Global and national virus containment measures, from social distancing to business shutdowns, have reduced household incomes and consumption, triggering an economic crisis all over the world. The Western Balkans are no exception in this regard: the World Bank’s Western Balkans Regular Economic Report: Fall 2020, predicted that economic activity in the region will contract by 4.8 per cent overall in 2020, causing a more severe recession than the most recent global financial crisis.
At the same time, the pandemic has also opened up new opportunities. A brief on e-commerce in the time of COVID-19 published by the Organisation for Economic Cooperation and Development identifies how the COVID-19 crisis has accelerated an expansion of e-commerce towards new firms, customers and types of products.
A promising initiative that could turn into a big business
Miloš Laković, 27, is a high school teacher and part-time entrepreneur from Montenegro. He is one of the visionaries who saw the pandemic crisis as an opportunity. Miloš had a business idea for an online platform that would connect providers and users of services. The idea was there for some time, but the pandemic made him think more seriously about it and take the initiative to launch it. “As a schoolteacher, I know that many of my colleagues provide private courses after working hours. The situation imposed by the pandemic made me think ‘why not promote and provide these services online?’ and I decided to develop this idea further,” Miloš says.
As time went on, Miloš and his team came up with more types of services – beyond private teaching – that could be marketed through the platform, from art sales to cosmetics. They are now at the final stage of their market research and will soon start work on the development of the platform.
Miloš explains that a lot of the credit for further developing this initiative goes to the support that he received from participating in the workshops provided by the EU-funded project, Self-Employment and Social Entrepreneurship for Youth. “By participating in these workshops, we managed to develop the idea further and take it to a level of real entrepreneurial initiative,” he says.
I2 Space – a place of innovation
The purpose of the project is to improve access to the labour market for young people in Montenegro and Kosovo. The core of the project idea is the establishment of physical environments in a format known as Hackerspace –equipping these spaces with the necessary tools, and providing training and mentorship for young people on social innovation and digital technology. The project established two such spaces: one in Peja/Peć in Kosovo and another in Podgorica, Montenegro. The spaces were named I2 Space.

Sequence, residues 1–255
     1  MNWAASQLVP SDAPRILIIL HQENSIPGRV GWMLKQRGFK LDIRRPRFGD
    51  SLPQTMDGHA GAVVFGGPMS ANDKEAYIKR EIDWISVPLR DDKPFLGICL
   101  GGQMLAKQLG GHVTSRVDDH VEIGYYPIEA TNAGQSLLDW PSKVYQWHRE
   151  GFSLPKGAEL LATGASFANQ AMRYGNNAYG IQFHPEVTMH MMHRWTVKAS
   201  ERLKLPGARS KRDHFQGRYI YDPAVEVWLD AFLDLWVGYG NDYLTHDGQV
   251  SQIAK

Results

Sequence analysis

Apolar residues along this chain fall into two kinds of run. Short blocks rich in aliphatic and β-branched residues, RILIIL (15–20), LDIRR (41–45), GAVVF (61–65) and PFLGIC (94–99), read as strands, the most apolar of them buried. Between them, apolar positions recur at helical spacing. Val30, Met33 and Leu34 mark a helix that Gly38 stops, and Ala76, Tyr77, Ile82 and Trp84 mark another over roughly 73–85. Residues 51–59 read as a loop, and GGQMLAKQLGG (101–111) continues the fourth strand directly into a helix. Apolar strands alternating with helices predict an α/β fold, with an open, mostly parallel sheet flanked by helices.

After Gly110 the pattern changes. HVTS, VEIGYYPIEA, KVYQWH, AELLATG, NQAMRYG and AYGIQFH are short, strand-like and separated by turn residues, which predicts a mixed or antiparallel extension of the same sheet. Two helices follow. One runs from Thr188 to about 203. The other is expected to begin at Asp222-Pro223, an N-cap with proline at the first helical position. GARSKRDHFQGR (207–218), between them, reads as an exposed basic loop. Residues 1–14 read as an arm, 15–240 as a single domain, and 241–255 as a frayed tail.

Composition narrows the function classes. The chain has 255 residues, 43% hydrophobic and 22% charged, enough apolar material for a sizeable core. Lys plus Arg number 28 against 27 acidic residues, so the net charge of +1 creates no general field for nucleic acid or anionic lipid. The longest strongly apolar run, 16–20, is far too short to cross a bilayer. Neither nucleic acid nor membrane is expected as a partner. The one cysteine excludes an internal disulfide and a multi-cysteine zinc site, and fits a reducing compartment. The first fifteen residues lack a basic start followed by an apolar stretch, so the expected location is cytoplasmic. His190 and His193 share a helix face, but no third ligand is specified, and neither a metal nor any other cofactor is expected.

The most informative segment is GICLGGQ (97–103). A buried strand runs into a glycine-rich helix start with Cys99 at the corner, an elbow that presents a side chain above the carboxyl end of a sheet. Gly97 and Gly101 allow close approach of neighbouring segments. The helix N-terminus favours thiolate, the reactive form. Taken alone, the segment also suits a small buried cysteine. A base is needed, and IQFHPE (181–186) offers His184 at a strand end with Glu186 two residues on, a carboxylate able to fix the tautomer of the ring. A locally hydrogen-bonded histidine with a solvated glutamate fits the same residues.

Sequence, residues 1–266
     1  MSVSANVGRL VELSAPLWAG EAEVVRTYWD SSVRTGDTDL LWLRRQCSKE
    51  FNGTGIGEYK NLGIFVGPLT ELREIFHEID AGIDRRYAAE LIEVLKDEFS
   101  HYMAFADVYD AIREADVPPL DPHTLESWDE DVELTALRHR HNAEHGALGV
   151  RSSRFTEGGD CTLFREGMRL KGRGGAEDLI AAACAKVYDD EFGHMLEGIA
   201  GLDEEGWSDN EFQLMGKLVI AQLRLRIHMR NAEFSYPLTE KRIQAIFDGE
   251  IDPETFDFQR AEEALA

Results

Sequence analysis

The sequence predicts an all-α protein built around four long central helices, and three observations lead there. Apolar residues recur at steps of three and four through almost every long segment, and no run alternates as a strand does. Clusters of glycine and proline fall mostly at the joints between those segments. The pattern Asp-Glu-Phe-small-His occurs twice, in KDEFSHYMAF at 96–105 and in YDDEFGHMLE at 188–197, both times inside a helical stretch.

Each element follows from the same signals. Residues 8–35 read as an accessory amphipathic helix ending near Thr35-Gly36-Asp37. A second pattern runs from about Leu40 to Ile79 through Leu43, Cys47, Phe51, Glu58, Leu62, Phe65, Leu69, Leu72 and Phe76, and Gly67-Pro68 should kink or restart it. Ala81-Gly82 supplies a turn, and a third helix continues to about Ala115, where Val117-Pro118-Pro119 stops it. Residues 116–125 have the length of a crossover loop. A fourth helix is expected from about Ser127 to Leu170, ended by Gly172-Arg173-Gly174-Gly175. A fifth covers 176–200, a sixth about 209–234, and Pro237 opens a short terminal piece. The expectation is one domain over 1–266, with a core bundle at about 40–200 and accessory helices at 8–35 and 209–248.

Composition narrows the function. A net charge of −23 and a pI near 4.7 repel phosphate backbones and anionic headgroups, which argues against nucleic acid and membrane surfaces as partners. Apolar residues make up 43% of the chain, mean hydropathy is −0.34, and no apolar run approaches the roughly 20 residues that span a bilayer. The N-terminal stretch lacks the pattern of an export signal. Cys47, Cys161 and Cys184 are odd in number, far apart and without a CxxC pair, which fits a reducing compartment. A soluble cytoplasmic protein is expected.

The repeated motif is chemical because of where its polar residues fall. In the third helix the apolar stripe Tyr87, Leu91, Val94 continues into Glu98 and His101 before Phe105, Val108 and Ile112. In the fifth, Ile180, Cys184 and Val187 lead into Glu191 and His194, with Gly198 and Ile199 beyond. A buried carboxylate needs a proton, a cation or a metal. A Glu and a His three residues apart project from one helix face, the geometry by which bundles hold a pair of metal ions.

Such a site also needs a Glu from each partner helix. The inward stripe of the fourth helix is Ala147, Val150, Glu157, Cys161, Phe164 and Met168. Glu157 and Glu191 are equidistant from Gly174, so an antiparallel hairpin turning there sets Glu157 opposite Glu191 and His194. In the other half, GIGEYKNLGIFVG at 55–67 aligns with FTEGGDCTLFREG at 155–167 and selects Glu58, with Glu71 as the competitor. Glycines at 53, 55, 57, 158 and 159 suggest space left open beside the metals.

During the two years of the project, more than 200 young people have benefited from I2 Space activities both in Peja/Peć and Podgorica. A number of them have already started to earn through employment or by providing freelance services. The project provided courses and mentorship programmes on coding and web customisation, 3D Printing and electronics, digital marketing, graphic design and photography.
Božina Stešević is a project manager at the civil society organisation Association for Democratic Prosperity – Zid, the lead partner of the project from Montenegro. He says that one of the main achievements of the project is the conception and effective functioning of the I2 Space community itself. “There is this inner circle of I2 Space users who cooperate among themselves and do this in a common physical space. Then there is the circle of all young people who have participated in the training; and last, but not least, there is a wider circle which connects young people from both sides of the border who are already cooperating in exchanging ideas and business perspectives and also on breaking down prejudices.”
One-to-one mentorship was one of the crucial components of the project. As part of this, the participants were expected to develop innovative business start-up prototype ideas that have the potential to develop further. To date, applicants of the program have prototyped 23 start-up ideas, including the brainchild of Miloš.
The Self-Employment and Social Entrepreneurship for Youth project is implemented within the IPA 2014-2020 Cross-Border Cooperation Program Montenegro – Kosovo, funded by the European Union. The project is being implemented by the civil society organisations Association for Democratic Prosperity – Zid, Lens, Liberal Democrat Centre and Creative Skills’ Center. The project started back in January 2019, and it is expected to end at the beginning of 2021.
Photo credits: Fitim Shala